Rehab Cell

Physical Medicine and Rehabilitation

Meet Uday Nori, MD, Ohio State Transplant Nephrologist

Meet Uday Nori, MD, Ohio State Transplant Nephrologist


I’m Uday Nori. I’m a transplant nephrologist
in the Division of Nephrology. I’m also a member of Comprehensive Transplant Center
at The Ohio State University Wexner Medical Center. Typically my first visit is always
get to know them well. I’m sure it sounds like a cliché but it’s important that I gain
their trust. I believe that most patients do what we ask them to do not because of the
checklist that we provide them but because they like us and they trust us. I spend an
inordinate amount of time learning about who they are, what road they have taken before
they came to my clinic, as in how long have they been on dialysis and how successful their
transplant had been up until the time they met with me. I also kind my philosophy of
care so they get to know how I practice. For instance, I do not believe in a pill for every
ill. I’m a minimalist by approach. I tell them that I’m big in lifestyle management.
I’m big into explaining what would work without having to go through medical treatments. And
I it seems that most patients like that approach because who who wants to be on expensive medications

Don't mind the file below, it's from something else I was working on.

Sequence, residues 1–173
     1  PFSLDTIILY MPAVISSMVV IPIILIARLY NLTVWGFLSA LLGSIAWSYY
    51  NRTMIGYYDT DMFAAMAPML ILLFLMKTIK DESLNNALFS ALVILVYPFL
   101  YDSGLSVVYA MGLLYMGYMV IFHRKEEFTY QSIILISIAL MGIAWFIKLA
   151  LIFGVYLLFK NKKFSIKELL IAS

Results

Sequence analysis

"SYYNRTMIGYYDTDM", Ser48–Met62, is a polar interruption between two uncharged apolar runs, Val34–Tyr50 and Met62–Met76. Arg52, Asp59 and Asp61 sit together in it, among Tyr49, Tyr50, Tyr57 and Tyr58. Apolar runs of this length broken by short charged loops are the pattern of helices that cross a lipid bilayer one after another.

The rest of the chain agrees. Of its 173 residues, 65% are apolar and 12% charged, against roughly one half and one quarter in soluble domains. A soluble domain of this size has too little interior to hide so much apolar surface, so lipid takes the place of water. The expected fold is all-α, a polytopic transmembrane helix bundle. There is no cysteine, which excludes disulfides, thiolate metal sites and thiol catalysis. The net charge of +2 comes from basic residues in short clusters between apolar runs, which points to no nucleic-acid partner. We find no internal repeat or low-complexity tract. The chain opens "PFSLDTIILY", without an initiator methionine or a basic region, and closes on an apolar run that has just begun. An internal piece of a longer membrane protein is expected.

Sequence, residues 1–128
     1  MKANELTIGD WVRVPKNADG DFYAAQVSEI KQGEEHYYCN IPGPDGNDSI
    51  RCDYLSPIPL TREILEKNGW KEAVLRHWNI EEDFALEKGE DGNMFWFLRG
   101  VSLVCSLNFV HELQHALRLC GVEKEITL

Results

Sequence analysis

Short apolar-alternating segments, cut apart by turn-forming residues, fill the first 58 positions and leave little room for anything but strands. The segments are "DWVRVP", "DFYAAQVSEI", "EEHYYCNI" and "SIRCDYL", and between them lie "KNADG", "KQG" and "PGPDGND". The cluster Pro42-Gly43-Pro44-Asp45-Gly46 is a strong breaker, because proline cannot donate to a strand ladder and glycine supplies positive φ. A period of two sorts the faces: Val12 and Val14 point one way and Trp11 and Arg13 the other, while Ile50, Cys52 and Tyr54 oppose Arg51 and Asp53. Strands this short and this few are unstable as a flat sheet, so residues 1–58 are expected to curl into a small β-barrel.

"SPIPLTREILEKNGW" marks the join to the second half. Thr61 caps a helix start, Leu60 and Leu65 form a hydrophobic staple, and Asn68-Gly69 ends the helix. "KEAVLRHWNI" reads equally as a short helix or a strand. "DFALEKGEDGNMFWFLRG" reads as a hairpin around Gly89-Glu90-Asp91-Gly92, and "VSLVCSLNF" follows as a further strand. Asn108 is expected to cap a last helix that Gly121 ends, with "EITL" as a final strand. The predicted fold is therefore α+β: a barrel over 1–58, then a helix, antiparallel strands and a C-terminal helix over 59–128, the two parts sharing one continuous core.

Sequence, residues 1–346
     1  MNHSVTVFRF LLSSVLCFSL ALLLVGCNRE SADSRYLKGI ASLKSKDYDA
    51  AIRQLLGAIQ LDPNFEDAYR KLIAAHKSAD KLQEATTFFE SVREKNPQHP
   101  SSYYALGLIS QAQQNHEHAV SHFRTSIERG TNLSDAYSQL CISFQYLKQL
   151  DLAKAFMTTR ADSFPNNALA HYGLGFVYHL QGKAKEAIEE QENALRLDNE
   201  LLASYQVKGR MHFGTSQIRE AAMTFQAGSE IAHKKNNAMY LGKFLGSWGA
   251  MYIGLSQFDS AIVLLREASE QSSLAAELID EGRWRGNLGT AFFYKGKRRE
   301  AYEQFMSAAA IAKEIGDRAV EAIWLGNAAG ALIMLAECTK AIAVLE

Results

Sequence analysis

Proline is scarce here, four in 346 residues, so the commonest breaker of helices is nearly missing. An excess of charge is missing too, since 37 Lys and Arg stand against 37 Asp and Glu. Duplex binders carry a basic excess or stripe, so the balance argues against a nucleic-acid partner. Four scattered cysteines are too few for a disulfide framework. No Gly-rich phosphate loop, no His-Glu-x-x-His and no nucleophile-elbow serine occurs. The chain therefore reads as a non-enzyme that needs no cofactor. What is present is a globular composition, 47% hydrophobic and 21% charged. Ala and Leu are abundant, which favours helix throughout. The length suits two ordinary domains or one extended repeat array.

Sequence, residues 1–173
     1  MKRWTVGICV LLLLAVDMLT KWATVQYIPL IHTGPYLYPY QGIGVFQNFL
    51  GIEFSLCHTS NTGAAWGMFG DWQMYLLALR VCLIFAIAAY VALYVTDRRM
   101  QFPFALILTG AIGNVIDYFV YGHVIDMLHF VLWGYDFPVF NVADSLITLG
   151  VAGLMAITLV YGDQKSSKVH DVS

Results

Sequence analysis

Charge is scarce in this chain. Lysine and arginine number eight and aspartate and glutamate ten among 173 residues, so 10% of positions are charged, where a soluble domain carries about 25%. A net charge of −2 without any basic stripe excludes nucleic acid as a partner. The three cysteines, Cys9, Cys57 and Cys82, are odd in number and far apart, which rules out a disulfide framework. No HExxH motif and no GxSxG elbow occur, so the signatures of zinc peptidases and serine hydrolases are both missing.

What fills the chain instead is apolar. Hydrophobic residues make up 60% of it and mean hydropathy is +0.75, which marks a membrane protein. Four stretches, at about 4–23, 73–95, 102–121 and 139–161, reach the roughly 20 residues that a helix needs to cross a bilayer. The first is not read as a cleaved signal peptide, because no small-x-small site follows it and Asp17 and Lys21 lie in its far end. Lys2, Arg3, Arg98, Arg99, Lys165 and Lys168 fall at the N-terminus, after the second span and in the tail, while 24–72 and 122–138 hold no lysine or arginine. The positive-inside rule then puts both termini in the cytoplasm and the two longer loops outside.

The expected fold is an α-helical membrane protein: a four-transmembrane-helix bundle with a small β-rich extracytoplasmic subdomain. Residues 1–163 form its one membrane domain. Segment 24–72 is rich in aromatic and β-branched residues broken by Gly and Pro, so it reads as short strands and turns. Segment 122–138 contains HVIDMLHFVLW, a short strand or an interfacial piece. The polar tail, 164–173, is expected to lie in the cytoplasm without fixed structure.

that would have adverse effects? Typically after the first appointment I start looking
into their medical problems in more detail and I tell them upfront, even if I’m faced
with five or six things that I want to intervene I usually do one at a time so that they do
not feel overwhelmed. They feel like they’re able to achieve small goals so they feel good
about themselves. I’ve seen a few times where multiple goals does just not work. They go
home and they feel overwhelmed and nothing gets accomplished. In medical practice, as
it happens with most of the specialties, however much the medical center or the physicians
do for the patients it still amounts to no more than maybe ten, fifteen percent of the
effort required. It is incumbent on the patients to be able to take care of themselves and
preserve their health as best as they could. So we play a very important part in educating
the patients, making them understand the importance of the advice that we give them. We don’t
like the patients to go home with a checklist of things to do without really an understanding
of what it all means. So what I meant by placing patients center front and center of their
care is allowing them to understand why they’re doing what they’re doing and the rationale
behind the treatments that have been prescribed really makes all the difference. A well-educated
patient is a a well-to-do patient in my opinion and that’s what we all strive for.

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